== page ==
Much to the disappointment of many following the Mines and Minerals (Amendment) Bill 2020, the Speaker’s decision to decide the fate of the Bill in less than two hours came as a shock. What is surprising is the indefinite deferment which comes after extensive effort in framing the Bill, deliberations in both the National Assembly and National Council and after six meetings of the joint committee in two years.
NC had been vocal about their stand. They argue upholding the Constitution and ensuring that wealth from the mining sector benefits the people of Bhutan. Article 1.12 of the Constitution, which the NC refers to, vests ownership of the mineral resources in the State. It also includes resources that the NC is ready to let the private sector mine like stones or boulders.
NA or the government initially wanted the State to operate strategic mines and auction non-strategic mines to the private sector. There was also a proposal to divest up to 49 percent to private shareholders. Assembly members are unhappy that the media, swayed by NC’s narratives, is not doing justice to the issue.
The NA conducted public hearings in all mining sites and concluded that the affected community should accrue the benefit through public and equity shareholding. They didn’t want a state monopoly. NC’s proposal, however, also did not shut the private sector out of the mines and minerals business. Private sectors could participate in the operation of it. However, available data show that those in the mining sector are not representative of the whole private sector. Only a few are milking the benefits of the lucrative mining sector.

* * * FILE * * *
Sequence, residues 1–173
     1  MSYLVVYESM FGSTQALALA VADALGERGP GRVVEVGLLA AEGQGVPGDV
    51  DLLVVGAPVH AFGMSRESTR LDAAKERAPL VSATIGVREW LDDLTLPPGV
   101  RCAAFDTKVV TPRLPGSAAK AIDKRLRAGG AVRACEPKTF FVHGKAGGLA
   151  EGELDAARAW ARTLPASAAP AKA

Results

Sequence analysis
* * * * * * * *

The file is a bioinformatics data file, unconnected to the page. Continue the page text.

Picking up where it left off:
As a small country battling the widening gap of inequality, excessive wealth concentration in the hands of few is an emerging problem. Income and wealth disparity has an immense impact on social justice and harmony in the country.
The government was bold to table the Bill, but not in passing it. Allowing Parliamentarians to vote on whether the Bill should be deferred or discussed would have cleared many suspicions, including the perceived interests from lobby groups. Notwithstanding the outcome of a vote, the joint sitting session had the opportunity to vote.
A start had been made with the government already allocating a few mines to the State Mining Corporation Limited. What was it that the government, represented by the ruling party in Parliament stopped the Bill from discussing?
For the Department of Geology and Mines, the umbrella authority over the management of mines and minerals, the moratorium of not accepting any new applications for mining lease, the deferment of the Bill, if it is only for a year, might not make much difference.
Parliamentarians should use the time, as they referred to as the cooling period, to understand and ensure the important economic jewel benefits all citizens and not just a few. The two houses should be least bothered about who will take the credit for amending what has now become a controversial Act.
Legislation for the benefit of all Bhutanese, after all, is their primary duty.